The prospects don’t look good. However daring and appealing Macron’s European vision may be, France has fallen so far behind Germany that any partnership between the two countries is unrealistic. While the German economy recovered quickly from the Global Crisis, the French economy stalled and the country’s inflation rate fell into near deflationary territory (see Figure 4). France’s economic woes during the crisis years reflect deep-rooted economic weaknesses. France is one of the few advanced countries with an expanding ‘informal’ or ‘shadow’ economy. The shadow economy’s expansion reflects a weak governance system, with France substantially below Germany in the World Bank’s governance metrics. Weakness in such metrics is associated with low long-term growth rates, as a ECB study shows (Masuch et al. 2017). As further evidence of the French economy’s weakness, the innovative energy of French firms is dissipating (Mody 2018b: 393).
Figure 4. The great divergence in euro area incomes and inflation
Sources: Conference Board, “Total Economy Database (Adjusted Version)“; Eurostat.
Note: Core inflation is the annual percentage change in the Harmonized Index of Consumer Prices excluding unprocessed food and energy.
The German economy has its own troubles, as Marcel Fratzscher (2018) highlights. But set against Germany’s, France’s challenges are staggering. The French government’s extraordinarily high expenditures have been stuck above 55% of GDP. Soon after Macron was elected, the inimitable European Commission President Jean-Claude Juncker said, “We have a real problem with France. The French spend too much money and spend it on the wrong things” (Saeed 2017). Because of its high expenditures, the French government struggles to rein in its budget deficit below 3% of GDP. Its debt-to-GDP ratio remains stubbornly close to 100% of GDP. In contrast, the German government spends about 45% of GDP, now runs a budget surplus, and its debt-to-GDP ratio at 65% of GDP is quickly falling.
Even more worrisome for France are its long-standing social problems. The traditionally high youth unemployment rate rose during the crisis. And for a country that boasts such a large government expenditure outlay, France has amongst the lowest rates of upward intergenerational mobility in Western democracies. Annie Genevard, who served on the French Parliament’s committee for cultural affairs and education, said in December 2016, “France retains its sad title as champion of social inequalities at school” (France 24 2016). Such social divisions ultimately are a drag on long-term growth prospects.
The widening economic gap between France and Germany is starkly evident in international trade flows. Two decades ago, France was the prime destination for German exporters (see Figure 5). Since then, the share of exports to France has fallen sharply, while exports to three non-euro area European economies – the Czech Republic, Hungary, and Poland – have steadily increased. With German exporters looking increasingly to China, Franco-German trade ties are set to weaken further.
Figure 5 German exporters shift their sights away from the euro area
(percent of total German exports to the various countries)
Source: IMF data.
Although Macron seems to recognise France’s handicaps, the measures he has taken so far barely make a dent in addressing the country’s enduring problems. Indeed, to the extent that his labour market reforms create more temporary and precarious jobs, the level of social anxiety will remain high. His promise to create greater social insurance is restricted by the realities of French budgetary stresses. And education reforms have so far remained caught in bureaucratic tangles.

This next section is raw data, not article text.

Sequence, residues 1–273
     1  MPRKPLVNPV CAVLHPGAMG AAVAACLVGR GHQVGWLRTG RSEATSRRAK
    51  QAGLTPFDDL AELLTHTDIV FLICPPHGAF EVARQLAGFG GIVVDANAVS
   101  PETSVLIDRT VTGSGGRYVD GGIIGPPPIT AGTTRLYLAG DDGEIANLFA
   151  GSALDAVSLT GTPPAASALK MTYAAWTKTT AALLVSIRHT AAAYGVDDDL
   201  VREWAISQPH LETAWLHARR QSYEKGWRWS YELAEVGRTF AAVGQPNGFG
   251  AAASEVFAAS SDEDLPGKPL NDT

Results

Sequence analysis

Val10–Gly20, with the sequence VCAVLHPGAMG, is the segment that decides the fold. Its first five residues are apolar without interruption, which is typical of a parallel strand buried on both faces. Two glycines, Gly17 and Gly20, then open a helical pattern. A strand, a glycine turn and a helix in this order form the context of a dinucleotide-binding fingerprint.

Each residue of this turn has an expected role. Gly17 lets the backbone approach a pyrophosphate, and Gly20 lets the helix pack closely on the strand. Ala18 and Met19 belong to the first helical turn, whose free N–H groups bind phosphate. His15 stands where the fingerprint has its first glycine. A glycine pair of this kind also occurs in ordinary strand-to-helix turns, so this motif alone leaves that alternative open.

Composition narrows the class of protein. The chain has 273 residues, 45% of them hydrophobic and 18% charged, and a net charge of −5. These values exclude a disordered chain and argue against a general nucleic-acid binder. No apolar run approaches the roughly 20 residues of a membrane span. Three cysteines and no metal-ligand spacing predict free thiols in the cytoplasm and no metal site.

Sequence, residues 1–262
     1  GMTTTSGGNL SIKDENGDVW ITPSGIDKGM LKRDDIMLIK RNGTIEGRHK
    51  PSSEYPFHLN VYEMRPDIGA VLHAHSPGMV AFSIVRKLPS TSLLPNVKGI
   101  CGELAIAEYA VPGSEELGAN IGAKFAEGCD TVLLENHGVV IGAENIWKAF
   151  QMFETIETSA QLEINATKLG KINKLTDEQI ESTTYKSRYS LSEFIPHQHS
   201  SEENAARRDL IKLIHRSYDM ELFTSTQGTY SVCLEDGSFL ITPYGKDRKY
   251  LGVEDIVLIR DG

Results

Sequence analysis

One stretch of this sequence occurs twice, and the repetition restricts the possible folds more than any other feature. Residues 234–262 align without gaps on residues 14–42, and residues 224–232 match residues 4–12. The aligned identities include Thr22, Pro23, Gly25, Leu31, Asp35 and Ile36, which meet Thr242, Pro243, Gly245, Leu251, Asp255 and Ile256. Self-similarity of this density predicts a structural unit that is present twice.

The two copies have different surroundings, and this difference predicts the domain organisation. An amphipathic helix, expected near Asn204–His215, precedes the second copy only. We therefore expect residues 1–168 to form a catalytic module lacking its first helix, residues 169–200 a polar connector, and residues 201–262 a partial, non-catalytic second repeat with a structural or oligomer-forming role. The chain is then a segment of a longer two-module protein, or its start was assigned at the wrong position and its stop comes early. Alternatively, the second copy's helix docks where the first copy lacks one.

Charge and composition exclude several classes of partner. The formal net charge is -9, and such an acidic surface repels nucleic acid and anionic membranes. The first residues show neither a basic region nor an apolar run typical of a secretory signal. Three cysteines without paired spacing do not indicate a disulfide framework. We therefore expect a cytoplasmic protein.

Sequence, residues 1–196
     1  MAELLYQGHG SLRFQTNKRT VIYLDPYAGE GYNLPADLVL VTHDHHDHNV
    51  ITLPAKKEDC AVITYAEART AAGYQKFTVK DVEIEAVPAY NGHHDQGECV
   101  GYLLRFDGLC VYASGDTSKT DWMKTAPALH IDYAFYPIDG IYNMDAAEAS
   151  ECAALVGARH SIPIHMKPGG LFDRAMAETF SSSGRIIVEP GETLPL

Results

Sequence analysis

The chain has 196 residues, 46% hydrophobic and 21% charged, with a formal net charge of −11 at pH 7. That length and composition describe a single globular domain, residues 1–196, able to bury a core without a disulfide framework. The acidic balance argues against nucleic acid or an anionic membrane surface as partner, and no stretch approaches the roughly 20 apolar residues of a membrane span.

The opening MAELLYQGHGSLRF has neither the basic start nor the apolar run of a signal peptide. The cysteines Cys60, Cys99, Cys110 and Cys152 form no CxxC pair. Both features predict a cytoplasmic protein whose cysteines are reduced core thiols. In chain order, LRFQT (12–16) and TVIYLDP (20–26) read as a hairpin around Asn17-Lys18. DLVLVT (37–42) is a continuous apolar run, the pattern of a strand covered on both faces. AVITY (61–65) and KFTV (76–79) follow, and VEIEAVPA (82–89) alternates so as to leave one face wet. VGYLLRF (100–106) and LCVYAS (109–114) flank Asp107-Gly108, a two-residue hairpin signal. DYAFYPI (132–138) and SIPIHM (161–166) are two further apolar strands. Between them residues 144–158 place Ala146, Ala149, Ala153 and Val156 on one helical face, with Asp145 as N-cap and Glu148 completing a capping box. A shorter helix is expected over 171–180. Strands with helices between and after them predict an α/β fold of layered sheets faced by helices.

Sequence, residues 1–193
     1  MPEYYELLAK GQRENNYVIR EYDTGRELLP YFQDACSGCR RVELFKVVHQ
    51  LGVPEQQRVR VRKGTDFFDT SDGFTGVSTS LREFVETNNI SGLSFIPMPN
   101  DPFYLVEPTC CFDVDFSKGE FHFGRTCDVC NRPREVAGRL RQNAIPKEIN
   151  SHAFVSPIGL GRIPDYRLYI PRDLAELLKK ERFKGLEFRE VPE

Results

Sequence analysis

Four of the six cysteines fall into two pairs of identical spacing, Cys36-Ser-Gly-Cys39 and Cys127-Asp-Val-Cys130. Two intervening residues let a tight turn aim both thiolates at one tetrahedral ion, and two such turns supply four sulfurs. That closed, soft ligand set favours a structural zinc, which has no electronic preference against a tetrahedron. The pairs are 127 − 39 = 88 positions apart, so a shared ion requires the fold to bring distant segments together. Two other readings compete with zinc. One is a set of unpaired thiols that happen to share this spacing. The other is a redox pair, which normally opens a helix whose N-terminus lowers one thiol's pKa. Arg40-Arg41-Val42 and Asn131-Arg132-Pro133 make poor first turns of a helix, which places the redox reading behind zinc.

A new vision for the future of Europe – even if stirred rhetorically by a mythical Franco-German friendship – cannot be based on a redesign of the euro area. The single monetary policy under the euro will always favour either Germany or France, and, hence, will continue to divide rather than unify (Mody 2018a). For Europe to move forward, the primary tasks are at home: to rebuild economies in long-term decline, especially when measured against the most dynamic countries in the world. At the same time, governments need to sensitively address social stresses. German leaders have their own homework to do; for France’s leaders, their task at home is the monumental challenge for the next generation.
Deutsche Welle (2012), “The Élysée Treaty: A Model for Other Old Enemies,” 23 September.
France 24 (2016), “French Students Most Affected by Social Inequality, OECD Finds,” 14 December.
Fratzscher, M (2018), The German Illusion. New York: Oxford University Press.
Judt, T (2006), Postwar: A History of Europe since 1945. New York: Penguin Group US.
Macron, E (2017a), “Speech by the President of the French Republic,” 7 September, Athens.
Macron, E (2017b), “Initiative for Europe,” 26 September, Sorbonne University, Paris.
Masuch, K, E Moshammer, and B Pierluigi (2017), “Institutions, Public Debt, and Growth in Europe,” Public Sector Economics 41(2): 159–205.
Mody, A, (2018a), “The Euro Area’s Deepening Political Divide,” VoxEU.org, 21 March.
Mody, A (2018b), EuroTragedy: A Drama in Nine Acts. New York: Oxford University Press.
Saeed, S (2017), “Juncker: ‘The French Spend Too Much Money.’” Politico, 18 May.
Schabert, T (2009), How World Politics Is Made: France and the Reunification of Germany. London and Columbia: University of Missouri Press.
Stephens, P (1997), “The Ragbag Treaty: EU Leaders Ignored the Real Issues at Amsterdam Summitm,” Financial Times, 20 June.